Applying for a K-1 visa, also known as a fiancé(e) visa, is a multi-step process that allows a U.S. citizen to bring their foreign fiancé(e) to the United States for the purpose of getting married. Here’s a general overview of the steps involved:
- You must be a U.S. citizen to apply for a K-1 visa. Lawful permanent residents (green card holders) are not eligible.
- Both you and your fiancé(e) must be legally free to marry and intend to marry within 90 days of your fiancé(e) entering the U.S.
- File Form I-129F:
- You, the U.S. citizen petitioner, must file Form I-129F, Petition for Alien Fiancé(e), with U.S. Citizenship and Immigration Services (USCIS).
- Include supporting documents such as proof of your U.S. citizenship, proof of your intent to marry within 90 days, and any required translations and fees.
- USCIS will review your petition, and if approved, they will forward it to the U.S. embassy or consulate in your fiancé(e)’s home country.
- Wait for USCIS Approval:
- USCIS processing times vary, but it typically takes several months to receive a decision on your petition.
- Case Forwarded to the U.S. Embassy/Consulate:
- Once USCIS approves your petition, it will be forwarded to the U.S. embassy or consulate in your fiancé(e)’s home country.
- The embassy or consulate will notify your fiancé(e) about the next steps in the process.
- Fiancé(e) Applies for a K-1 Visa:
- Your fiancé(e) will need to apply for the K-1 visa by following the instructions provided by the U.S. embassy or consulate. This usually involves submitting visa application forms, supporting documents, and attending an interview.
- Attend the Visa Interview:
- Your fiancé(e) will be required to attend an interview at the U.S. embassy or consulate. They should be prepared to answer questions about their relationship with you and their intent to marry.
- Visa Approval:
- If the visa is approved, your fiancé(e) will receive the K-1 visa in their passport, allowing them to travel to the United States.
- Entry into the U.S.:
- Your fiancé(e) must enter the United States within the validity period of the K-1 visa, which is usually six months.
- Marriage and Adjustment of Status:
- After your fiancé(e) arrives in the U.S., you must get married within 90 days.
- After the marriage, your fiancé(e) can apply for Adjustment of Status (Form I-485) to become a lawful permanent resident (green card holder).
- Conditional Green Card:
- If your fiancé(e) successfully adjusts status, they will initially receive a conditional green card that is valid for two years. After two years, you can jointly apply to remove the conditions and obtain a permanent green card.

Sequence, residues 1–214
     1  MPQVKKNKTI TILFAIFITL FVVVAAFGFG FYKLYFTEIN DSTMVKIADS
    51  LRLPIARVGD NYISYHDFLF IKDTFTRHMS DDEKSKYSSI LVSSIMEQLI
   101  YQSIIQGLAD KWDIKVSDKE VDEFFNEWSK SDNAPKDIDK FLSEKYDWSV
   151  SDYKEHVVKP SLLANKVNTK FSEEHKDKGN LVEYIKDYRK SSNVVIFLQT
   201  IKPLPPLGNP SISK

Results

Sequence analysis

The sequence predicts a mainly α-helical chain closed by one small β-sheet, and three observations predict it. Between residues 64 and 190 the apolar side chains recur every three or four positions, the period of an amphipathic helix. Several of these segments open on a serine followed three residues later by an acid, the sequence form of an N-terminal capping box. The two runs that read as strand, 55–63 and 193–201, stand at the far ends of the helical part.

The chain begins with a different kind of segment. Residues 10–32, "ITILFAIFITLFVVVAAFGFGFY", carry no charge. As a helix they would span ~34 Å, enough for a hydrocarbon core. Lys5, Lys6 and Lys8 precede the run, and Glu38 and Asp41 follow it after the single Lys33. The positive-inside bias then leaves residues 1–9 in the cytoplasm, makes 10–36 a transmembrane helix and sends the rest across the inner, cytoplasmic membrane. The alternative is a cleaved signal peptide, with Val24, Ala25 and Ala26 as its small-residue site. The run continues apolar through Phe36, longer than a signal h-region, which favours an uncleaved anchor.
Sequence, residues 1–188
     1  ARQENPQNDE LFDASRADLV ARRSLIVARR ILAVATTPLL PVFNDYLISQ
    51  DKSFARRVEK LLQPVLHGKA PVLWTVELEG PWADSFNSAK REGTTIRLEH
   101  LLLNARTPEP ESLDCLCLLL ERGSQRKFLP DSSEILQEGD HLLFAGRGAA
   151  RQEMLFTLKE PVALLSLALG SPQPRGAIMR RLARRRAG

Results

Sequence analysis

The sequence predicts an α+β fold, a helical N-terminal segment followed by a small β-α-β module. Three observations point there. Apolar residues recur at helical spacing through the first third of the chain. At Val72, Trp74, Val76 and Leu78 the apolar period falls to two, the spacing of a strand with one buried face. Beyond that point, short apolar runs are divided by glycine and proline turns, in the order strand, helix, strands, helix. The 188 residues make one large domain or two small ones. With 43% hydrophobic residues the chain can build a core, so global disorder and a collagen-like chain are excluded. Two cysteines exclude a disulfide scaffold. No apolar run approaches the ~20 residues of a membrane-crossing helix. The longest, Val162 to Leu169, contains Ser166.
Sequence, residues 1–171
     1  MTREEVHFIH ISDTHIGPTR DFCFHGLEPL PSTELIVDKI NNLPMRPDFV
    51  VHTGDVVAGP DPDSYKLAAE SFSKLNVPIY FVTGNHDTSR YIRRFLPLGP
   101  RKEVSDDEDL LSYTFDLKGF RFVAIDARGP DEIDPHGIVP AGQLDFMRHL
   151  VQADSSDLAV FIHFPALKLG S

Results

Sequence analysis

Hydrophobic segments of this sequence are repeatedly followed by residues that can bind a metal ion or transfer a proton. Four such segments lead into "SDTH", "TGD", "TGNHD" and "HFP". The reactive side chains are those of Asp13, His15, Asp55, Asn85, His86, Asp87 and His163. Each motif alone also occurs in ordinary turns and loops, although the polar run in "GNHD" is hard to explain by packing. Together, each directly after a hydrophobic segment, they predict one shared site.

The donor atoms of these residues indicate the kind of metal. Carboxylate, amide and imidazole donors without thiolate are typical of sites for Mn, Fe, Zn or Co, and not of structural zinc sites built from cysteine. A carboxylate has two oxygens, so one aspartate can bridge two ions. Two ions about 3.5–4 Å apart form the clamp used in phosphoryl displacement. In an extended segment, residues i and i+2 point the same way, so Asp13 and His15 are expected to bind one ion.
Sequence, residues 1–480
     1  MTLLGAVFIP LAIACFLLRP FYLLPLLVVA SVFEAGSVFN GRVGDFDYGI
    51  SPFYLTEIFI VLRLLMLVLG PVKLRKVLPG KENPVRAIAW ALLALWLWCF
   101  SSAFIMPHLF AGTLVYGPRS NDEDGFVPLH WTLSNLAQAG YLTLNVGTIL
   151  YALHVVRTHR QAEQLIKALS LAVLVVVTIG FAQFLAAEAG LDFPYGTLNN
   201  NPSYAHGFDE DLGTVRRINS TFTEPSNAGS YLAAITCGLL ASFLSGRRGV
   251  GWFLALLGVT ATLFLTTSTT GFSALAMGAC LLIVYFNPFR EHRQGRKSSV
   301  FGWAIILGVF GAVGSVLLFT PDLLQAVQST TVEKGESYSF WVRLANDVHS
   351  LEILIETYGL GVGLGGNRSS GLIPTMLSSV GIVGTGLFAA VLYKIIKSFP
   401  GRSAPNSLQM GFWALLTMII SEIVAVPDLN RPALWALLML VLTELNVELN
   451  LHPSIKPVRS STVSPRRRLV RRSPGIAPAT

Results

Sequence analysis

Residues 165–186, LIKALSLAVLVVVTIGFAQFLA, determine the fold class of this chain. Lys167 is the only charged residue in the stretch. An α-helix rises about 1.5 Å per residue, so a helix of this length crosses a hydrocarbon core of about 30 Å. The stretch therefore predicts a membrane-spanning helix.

Who needs to file Form I-130A?
Form I-130A, officially known as the “Supplemental Information for Spouse Beneficiary,” is typically filed by the petitioner along with Form I-130, Petition for Alien Relative, when sponsoring their spouse for a family-based immigrant visa. Form I-130 is used to establish the qualifying relationship between the U.S. citizen or lawful permanent resident petitioner and the foreign national beneficiary (spouse, child, parent, etc.) who wishes to immigrate to the United States.
Form I-130A is a supplementary form that provides additional information about the beneficiary (spouse) and is meant to support the Form I-130 petition. The following scenarios typically require the filing of Form I-130A:
- Sponsoring a Spouse:
- U.S. citizens or lawful permanent residents (green card holders) who are sponsoring their foreign national spouse for a family-based immigrant visa (e.g., CR-1 or IR-1) should file Form I-130A to provide detailed information about the spouse beneficiary.
- Sponsoring a Spouse Inside the U.S.:
- If the foreign national spouse is already inside the United States and eligible to adjust status to that of a lawful permanent resident (green card holder), the petitioner filing Form I-130 for the spouse should also include Form I-130A.
Form I-130A is used to gather additional biographical and background information about the beneficiary spouse, such as their address history, employment history, and other personal details. It helps U.S. Citizenship and Immigration Services (USCIS) in verifying the beneficiary’s identity and eligibility for the immigration benefit.